Table 1 below is a summary of treatment methods applied in Haiti and other countries.  This list is continually evolving so if you have suggestions or additional methods please e-mail me at wamplerp@gvsu.edu.

Table 1. Treatment methods used in Haiti and other developing countries.

Method Pros Cons Cost Sustainability Links

SODIS

Passive Solar Disinfection

Cheap; reuse bottles; simple Water is warm; have to wait for water; turbidity sensitive $ High

http://www.survivaltopics.com/survival/solar-water-disinfection/

http://www.sodis.ch/methode/anwendung/index_EN 

Plastic Biosand Filters Effective; once primed provide quick water treatment Time needed to develop biofilm; skill required to maintain; support needed; turbidity sensitive $$$$$ Moderate http://www.hydraid.org/
Concrete Biosand Filters Effective; once primed provide quick water; can usually be built in country with local materials Heavy and difficult to transport and move; skill required; turbidity sensitive $$$$ Moderate Biosand Filter.org Fact Sheet
Chlorine Very effective when used properly; cheap Bad taste to water; skill required; potential negative health impacts; doses vary depending on product being used $ High http://www.ag.ndsu.edu/pubs/h2oqual/watsys/ae1046w.htm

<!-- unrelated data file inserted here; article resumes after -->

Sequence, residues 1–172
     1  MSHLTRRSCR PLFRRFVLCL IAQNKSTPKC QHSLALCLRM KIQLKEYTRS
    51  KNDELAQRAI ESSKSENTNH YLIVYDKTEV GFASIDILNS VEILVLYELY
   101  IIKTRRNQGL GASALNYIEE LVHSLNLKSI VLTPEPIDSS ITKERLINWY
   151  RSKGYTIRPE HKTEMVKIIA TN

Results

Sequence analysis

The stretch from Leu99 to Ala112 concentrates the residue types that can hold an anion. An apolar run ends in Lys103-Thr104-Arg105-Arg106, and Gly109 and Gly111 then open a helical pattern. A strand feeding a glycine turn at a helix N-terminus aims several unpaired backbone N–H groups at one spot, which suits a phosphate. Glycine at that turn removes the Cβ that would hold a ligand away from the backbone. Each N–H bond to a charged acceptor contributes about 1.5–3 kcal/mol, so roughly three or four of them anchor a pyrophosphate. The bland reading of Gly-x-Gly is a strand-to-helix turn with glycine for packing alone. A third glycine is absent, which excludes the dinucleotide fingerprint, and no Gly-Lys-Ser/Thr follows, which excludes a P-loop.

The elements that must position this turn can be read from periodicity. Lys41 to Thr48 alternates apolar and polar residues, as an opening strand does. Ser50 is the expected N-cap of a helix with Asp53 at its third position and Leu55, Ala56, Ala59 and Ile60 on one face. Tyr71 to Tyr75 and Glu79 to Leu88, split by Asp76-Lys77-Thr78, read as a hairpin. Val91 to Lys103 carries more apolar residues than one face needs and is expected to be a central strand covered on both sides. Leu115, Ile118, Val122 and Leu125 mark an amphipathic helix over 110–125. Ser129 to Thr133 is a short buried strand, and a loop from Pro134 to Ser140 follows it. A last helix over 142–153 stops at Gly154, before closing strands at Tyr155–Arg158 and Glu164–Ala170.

Boiling

Rolling Boil for 1-3 minutes

Very effective at killing most pathogens Expensive; contributes to deforestation; have to cool water before drinking $$$ Moderate http://wwwnc.cdc.gov/travel/page/water-treatment.htm
Reverse Osmosis Very effective at removing all pathogens Very expensive; requires consistent fuel or power; skill required; maintenance required $$$$$$ Low Water Treatment Notes from Cornell University
Sawyer Filters

Very effective;

Easy to use when proper education materials are provided

Expensive; may have to sterilize filters regularly; not well suited for areas with turbid water; backwashing can cause contamination $$$ Moderate http://www.sawyer.com/water.htm
Clay Filters Cheap and can be made from local materials Clay quality can affect treatment; skill required; may not be effective for some viruses and bacteria $ High http://www.pottersforpeace.org/?page_id=9
Ultraviolet Disinfection Very effective; power requirements low (~ 200 watts for 40 gpm) Flow rates low; can be complicated to install; maintenance required for bulbs $$$$ High/Moderate

http://www.freshwatersystems.com/c-616-atlantic-ultraviolet-sanitron.aspx

http://www.ultraviolet.com/water/minipu01.htm

Slow sand filtration Can be scaled to larger water sources for schools and communities Initial costs are high and require materials which may not be available on-site $$$$ High/Moderate Tech Brief from the National Environmental Services Center
Ozone Disinfection Does not create harmful byproducts; does not alter taste; no residual chemicals On-site equipment required is expensive and requires maintenance; ozone is reactive and corrosive $$$$$$ Low EPA fact sheet on Ozone Disinfection
           

 

Page last modified March 25, 2014